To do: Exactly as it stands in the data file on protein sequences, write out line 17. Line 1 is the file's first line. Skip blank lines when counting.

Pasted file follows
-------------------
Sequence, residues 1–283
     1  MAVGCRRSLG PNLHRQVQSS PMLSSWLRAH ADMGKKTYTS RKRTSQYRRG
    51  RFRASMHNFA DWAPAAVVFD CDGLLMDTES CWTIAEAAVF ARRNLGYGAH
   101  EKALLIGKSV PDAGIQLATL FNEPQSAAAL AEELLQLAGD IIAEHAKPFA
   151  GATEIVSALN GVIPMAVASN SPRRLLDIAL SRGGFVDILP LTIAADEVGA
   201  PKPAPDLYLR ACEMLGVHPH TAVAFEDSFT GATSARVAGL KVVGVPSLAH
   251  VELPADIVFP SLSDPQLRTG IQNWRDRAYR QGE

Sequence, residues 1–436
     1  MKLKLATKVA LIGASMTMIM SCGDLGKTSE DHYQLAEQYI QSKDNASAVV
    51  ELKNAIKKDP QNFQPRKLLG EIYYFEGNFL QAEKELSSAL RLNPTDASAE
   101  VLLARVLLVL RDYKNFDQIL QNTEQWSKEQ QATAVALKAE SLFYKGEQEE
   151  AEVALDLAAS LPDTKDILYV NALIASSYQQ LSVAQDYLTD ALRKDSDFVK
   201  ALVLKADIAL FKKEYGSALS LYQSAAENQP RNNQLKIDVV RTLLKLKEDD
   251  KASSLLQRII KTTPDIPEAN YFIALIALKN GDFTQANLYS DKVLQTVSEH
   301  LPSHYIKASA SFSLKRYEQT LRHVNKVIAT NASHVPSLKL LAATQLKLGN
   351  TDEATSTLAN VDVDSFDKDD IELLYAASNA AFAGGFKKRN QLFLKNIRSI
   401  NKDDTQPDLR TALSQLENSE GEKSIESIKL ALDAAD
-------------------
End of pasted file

   401  NKDDTQPDLR TALSQLENSE GEKSIESIKL ALDAAD